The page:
• Increase in internal nuclei: Myofiber nuclei are normally located at the periphery of the cell; it is abnormal when greater than 3% of the myofibers in a specimen exhibit internal nuclei (see the following image).
    Internal nuclei on hematoxylin and eosin (H&E) par Internal nuclei on hematoxylin and eosin (H&E) paraffin section. Most of the myofibers here are large and contain several nuclei in the middle of the cytoplasmic compartment. In normal skeletal muscle, as many as 3% of the myofibers can have internal nuclei, but in most normal myofibers the nuclei are located at the periphery of the cells.
  • Endomyisal fibrosis (see the image below)
    Endomysial fibrosis, hematoxylin and eosin (H&E) c Endomysial fibrosis, hematoxylin and eosin (H&E) cryostat section. Sample from a 10-year-old child with probable congenital muscular dystrophy shows moderately severe endomysial fibrosis. One clue to help identify fibrosis is the separation of myofibers. In normal muscle, the endomysium is so thin it is almost invisible, and the myofibers appear to be almost in direct contact with each other. This sample also shows increased variability of fiber size due to myofiber atrophy and there is an increase in internal nuclei.

Numerous other ancillary findings can be found in myopathic muscle biopsy samples. Additional histologic myopathic findings include the following:

  • Nuclear chains (see the following image)
    Nuclear chain on hematoxylin and eosin (H&E) paraf Nuclear chain on hematoxylin and eosin (H&E) paraffin section. One myofiber near the center contains a row of nuclei lined up, forming a chain. This is a nonspecific, relatively common finding in myopathy.
  • Moth-eaten fibers (see the image below)
    Moth-eaten fibers on nicotinamide adenine dinucleo Moth-eaten fibers on nicotinamide adenine dinucleotide tetrazolium reductase (NADH)–stained section. Many myofibers in this section have an irregular distribution of the intermyofibrillar network, with many irregular patchy pale areas, in a pattern reminiscent of that formed in a sweater besieged by moths. This is a nonspecific myopathic pattern and indicates that these fibers are not well.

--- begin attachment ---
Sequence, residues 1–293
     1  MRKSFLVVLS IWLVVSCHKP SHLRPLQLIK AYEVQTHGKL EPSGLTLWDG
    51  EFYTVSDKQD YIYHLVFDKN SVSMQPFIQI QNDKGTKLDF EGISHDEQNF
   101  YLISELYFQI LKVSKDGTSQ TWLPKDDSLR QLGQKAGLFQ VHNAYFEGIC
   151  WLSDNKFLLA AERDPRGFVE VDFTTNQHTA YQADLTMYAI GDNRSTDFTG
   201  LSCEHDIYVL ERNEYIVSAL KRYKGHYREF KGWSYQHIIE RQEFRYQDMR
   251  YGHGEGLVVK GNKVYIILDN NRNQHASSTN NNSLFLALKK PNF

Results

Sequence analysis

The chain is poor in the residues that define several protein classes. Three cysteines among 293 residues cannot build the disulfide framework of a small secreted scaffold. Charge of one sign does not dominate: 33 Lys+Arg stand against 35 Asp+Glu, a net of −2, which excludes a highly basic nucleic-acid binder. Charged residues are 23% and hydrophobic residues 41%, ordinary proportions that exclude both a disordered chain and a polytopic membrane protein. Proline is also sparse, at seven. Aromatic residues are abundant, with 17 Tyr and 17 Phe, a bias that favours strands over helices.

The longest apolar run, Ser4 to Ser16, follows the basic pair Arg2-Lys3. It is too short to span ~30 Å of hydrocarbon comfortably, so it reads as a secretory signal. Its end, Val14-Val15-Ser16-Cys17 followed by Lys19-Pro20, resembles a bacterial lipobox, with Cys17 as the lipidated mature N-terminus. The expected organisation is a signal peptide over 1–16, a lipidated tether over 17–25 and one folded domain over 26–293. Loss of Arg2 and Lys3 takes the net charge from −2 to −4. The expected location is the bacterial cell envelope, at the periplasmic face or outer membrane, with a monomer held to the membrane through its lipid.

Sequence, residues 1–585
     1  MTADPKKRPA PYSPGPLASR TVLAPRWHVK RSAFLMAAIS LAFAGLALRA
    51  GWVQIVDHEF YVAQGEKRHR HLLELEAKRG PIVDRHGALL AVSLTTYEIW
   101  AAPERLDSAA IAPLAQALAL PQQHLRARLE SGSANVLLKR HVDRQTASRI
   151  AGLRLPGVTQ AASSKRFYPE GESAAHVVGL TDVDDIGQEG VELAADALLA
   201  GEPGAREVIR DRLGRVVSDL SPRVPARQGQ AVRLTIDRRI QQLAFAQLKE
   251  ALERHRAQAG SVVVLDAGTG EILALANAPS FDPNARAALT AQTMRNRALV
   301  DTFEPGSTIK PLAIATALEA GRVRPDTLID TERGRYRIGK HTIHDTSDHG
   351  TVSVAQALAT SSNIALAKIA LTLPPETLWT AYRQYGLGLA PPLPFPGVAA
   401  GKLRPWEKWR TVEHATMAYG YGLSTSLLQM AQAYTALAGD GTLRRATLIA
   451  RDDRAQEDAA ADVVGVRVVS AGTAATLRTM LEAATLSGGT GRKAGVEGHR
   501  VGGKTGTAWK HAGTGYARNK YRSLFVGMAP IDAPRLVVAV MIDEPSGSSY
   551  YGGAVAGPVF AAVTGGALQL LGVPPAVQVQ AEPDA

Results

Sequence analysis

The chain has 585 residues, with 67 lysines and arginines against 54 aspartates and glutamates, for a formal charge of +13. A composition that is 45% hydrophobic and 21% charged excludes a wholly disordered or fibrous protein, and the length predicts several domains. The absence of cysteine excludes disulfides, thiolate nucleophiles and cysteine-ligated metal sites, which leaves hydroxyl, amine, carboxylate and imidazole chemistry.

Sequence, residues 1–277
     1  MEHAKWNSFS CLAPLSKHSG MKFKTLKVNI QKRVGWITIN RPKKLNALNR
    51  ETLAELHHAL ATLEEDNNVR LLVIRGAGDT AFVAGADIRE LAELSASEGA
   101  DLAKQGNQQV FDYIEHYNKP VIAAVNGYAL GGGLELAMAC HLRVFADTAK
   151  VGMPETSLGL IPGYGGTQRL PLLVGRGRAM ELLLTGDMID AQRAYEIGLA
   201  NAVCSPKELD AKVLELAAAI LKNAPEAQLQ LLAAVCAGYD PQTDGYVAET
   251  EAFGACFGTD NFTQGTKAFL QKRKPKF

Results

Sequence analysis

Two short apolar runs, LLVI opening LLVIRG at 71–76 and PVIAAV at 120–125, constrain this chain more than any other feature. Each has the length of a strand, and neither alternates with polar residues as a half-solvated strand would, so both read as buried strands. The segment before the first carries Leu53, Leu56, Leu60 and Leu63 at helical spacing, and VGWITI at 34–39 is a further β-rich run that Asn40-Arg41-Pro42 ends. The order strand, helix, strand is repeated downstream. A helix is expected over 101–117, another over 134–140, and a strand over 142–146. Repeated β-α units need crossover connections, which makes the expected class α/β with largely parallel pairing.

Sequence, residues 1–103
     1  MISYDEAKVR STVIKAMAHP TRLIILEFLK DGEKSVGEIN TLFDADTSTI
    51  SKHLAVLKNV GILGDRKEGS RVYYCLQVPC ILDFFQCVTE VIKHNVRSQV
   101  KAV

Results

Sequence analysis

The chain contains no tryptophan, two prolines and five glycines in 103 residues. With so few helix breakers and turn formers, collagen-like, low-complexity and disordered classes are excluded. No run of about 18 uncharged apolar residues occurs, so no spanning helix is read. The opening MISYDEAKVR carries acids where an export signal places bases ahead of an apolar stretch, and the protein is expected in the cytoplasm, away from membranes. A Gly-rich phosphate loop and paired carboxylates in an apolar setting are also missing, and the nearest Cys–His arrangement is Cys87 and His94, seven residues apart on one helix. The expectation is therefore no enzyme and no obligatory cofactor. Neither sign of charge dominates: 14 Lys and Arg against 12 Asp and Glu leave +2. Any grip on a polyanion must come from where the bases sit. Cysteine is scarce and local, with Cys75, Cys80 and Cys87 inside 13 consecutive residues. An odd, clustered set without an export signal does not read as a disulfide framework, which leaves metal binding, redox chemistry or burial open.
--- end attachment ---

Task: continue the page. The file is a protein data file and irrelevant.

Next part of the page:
• Ring fibers (see the following image)
    Nicotinamide adenine dinucleotide tetrazolium redu Nicotinamide adenine dinucleotide tetrazolium reductase (NADH) cryostat section showing a ring fiber in the center of the field. Myofibrils at the periphery of this ring fiber are oriented circumferentially instead of longitudinally. This finding occurs in myotonic dystrophy, but it is a nonspecific finding and can be seen in other myopathies. This specimen is not from a patient with myotonic dystrophy.
  • Whorled fibers (see the image below)
    Whorled fibers on nicotinamide adenine dinucleotid Whorled fibers on nicotinamide adenine dinucleotide tetrazolium reductase (NADH) stain. Two whorled fibers observed in this cryostat section are characterized by a coiled appearance of the sarcoplasm. This finding is nonspecific.
  • Vacuoles (see the following image)
    Clear sarcoplasmic (cytoplasmic) vacuoles, hematox Clear sarcoplasmic (cytoplasmic) vacuoles, hematoxylin and eosin (H&E) paraffin section. Many of the myofibers in this section have multiple clear sarcoplasmic vacuoles. This biopsy is from a patient with colchicine myopathy. There are multiple potential causes of clear sarcoplasmic vacuoles, including technical artifact.
  • Inclusions (see the 2 images below)
    Inclusions in hematoxylin and eosin paraffin secti Inclusions in hematoxylin and eosin paraffin section. Many of the myofibers in this section have fairly large zones of included material consisting of homogeneous pale pink material. This image is from a patient with tubular aggregate myopathy.
    Inclusion in a case of oculopharyngeal dystrophy ( Inclusion in a case of oculopharyngeal dystrophy (French Canadian type), hematoxylin and eosin (H&E) cryostat section. A small myofiber has an ovoid eosinophilic inclusion with a faint blue rim, which is indicated by the black arrow. This inclusion is the same type that can be found in sporadic inclusion body myositis and hereditary inclusion body myopathies. This section also shows greater-than-normal variability of myofiber size due to the presence of both myofiber atrophy and hypertrophy, an increase in internal nuclei, and a single small fiber (dark red) that is probably degenerating. The dark green arrows indicate a split fiber, which occurs when there is myofiber hypertrophy. It was knowledge of the clinical features that led to the specific diagnosis in this case.
  • Inflammation (see the following 3 images)
    Polymyositis, hematoxylin and eosin (H&E) cryostat Polymyositis, hematoxylin and eosin (H&E) cryostat section. The numerous small dark blue cells constitute a dense, chronic, endomysial lymphocytic inflammatory infiltrate. This section also shows many rounded atrophic myofibers, an increase in internal nuclei, and moderate endomysial fibrosis.
    Polymyositis on hematoxylin and eosin (H&E) cryost Polymyositis on hematoxylin and eosin (H&E) cryostat section. Endomysial chronic inflammation is present among intact myofibers that are remarkable only for increased variability of fiber size.